UT Dallas Colors: Orange and Even Greener
Office of Sustainability's New Chief Wants Green Ideas To Bloom

Thea Junt is as impressed with the University’s sustainability record as she is excited about working to reduce UT Dallas’ carbon footprint even further.

“The reputation of UT Dallas just floors me,” said the new head of UT Dallas’ Office of Sustainability. “You just built a LEED-platinum building, which is the highest standard for construction of energy efficient and sustainable facilities,” she said, referring to the Student Services Building, which opened last year.

She’s also excited about the University’s exploration of LED lighting to save energy and money. “There is already so much right that I get to continue and expand on.”

Taking the University’s College Sustainability Report Card grade north from B- will be among her first goals.

“The University’s commitment to energy conservation and creating sustainable systems was key to attracting Thea, an individual with great experience, enthusiasm and a results-oriented attitude. She is a great addition to our team,” said Calvin D. Jamison, senior vice president for Business Affairs.

“Her energy put her right at the top of the list of candidates,” said Kelly Kinnard, director of Physical Plant Services at UT Dallas, who led the search effort.

Right off the bat Junt named several initiatives she intends to launch soon, including a student project called “Green Up, Move Out.”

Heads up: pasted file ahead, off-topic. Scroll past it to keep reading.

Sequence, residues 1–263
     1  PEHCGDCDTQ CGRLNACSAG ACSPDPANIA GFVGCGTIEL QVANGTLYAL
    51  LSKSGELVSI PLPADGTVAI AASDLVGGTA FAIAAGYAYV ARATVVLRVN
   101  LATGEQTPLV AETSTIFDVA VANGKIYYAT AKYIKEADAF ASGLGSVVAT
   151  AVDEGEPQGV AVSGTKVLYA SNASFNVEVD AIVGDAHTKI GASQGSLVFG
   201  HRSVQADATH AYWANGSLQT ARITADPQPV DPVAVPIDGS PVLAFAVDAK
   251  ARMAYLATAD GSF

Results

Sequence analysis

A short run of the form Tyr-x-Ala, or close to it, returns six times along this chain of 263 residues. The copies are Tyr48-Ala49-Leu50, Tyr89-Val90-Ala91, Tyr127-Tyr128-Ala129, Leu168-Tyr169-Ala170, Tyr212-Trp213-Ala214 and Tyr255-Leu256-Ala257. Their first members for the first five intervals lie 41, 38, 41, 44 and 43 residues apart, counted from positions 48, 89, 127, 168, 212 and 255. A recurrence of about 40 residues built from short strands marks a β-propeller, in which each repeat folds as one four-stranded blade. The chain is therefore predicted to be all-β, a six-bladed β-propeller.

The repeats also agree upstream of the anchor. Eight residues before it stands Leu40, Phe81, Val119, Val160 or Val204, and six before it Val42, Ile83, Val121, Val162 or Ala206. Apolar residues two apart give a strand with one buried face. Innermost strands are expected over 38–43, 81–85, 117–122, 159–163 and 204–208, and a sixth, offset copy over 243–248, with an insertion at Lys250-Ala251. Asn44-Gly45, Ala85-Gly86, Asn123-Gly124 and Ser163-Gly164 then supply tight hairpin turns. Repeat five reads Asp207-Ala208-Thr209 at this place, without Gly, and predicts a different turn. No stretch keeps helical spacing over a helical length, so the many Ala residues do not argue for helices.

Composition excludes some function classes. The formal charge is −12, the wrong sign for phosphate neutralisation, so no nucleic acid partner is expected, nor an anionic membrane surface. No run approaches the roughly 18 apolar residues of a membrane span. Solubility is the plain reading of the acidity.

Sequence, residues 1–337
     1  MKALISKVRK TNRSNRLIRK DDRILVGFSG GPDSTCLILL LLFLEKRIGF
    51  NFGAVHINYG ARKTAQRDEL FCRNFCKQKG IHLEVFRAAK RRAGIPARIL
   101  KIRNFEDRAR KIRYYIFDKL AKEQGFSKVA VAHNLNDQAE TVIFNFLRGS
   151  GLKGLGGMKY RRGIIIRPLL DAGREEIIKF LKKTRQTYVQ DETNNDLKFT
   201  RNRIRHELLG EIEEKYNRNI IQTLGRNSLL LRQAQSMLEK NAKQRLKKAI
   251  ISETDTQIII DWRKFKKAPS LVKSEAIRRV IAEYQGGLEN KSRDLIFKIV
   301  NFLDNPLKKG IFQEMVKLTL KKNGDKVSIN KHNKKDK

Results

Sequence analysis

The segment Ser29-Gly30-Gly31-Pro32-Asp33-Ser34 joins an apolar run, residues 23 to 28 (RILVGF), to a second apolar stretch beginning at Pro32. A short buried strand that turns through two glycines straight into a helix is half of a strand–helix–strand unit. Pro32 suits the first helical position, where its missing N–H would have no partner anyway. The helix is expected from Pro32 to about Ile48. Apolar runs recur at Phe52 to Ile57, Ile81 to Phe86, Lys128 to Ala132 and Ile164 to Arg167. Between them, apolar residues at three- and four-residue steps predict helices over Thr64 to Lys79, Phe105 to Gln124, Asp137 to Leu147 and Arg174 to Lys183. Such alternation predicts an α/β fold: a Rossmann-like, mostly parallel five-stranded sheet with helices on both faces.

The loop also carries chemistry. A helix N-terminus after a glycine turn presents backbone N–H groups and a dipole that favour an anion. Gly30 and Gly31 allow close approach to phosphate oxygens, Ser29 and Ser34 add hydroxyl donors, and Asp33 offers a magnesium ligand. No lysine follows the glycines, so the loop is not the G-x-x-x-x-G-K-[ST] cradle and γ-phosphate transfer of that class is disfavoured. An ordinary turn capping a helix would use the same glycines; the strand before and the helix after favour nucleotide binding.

“This program would boost recycling, food-bank donations and implement ‘dinnerware amnesty,’ allowing students in the Residence Hall or apartments to return flatware to the Dining Hall and Pub free of charge during or following move-out,” she said.

Many schools spend hundreds of thousands of dollars each year in replacement costs for “borrowed” flatware.

“It’s really just a matter of educating students about better options,” she said. “At the same time, things we don’t want in the trash cans – nail polish remover, cosmetics, hair spray and household cleaners – we’ll want to collect and dispose of properly.”

Junt, who holds a bachelor’s degree in biochemistry from Texas A&M University, also spoke of adding electric car-charging stations to campus and developing a green office program.

“We should have a program that recognizes offices that are organized and committed to saving paper, electricity and recycling resources. Offices could even compete to be the greenest,” she said.

Before arriving to UT Dallas from Seattle, Junt was an environmental protection specialist for the National Oceanic and Atmospheric Administration’s Fisheries Science Center, where she shared resources with the University of Washington and Oregon State University and worked directly with students.

“She’s vibrant, pretty seasoned and has skills to boot. She definitely adds value to the University,” said Sam Eicke, assistant director for Facilities Services. “What’s funny is, when she does her job, our jobs get a bit harder in the short term, but the University is way better off in the long term.”

Thea Junt, energy conservation and sustainability manager for UT Dallas, takes a moment to enjoy the buttercups near the University’s greenhouse, where plants and flowers that provide color to campus are grown from seed.

Media Contact: The Office of Media Relations, UT Dallas, (972) 883-2155, [email protected].